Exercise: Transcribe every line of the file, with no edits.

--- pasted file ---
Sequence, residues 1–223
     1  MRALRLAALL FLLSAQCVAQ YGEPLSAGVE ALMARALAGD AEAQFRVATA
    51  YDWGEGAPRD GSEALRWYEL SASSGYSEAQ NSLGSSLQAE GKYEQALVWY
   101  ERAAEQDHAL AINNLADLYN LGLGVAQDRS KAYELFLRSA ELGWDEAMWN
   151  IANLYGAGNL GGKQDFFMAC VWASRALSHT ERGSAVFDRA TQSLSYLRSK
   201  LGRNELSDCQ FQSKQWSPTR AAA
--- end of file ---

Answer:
Sequence, residues 1–223
     1  MRALRLAALL FLLSAQCVAQ YGEPLSAGVE ALMARALAGD AEAQFRVATA
    51  YDWGEGAPRD GSEALRWYEL SASSGYSEAQ NSLGSSLQAE GKYEQALVWY
   101  ERAAEQDHAL AINNLADLYN LGLGVAQDRS KAYELFLRSA ELGWDEAMWN
   151  IANLYGAGNL GGKQDFFMAC VWASRALSHT ERGSAVFDRA TQSLSYLRSK
   201  LGRNELSDCQ FQSKQWSPTR AAA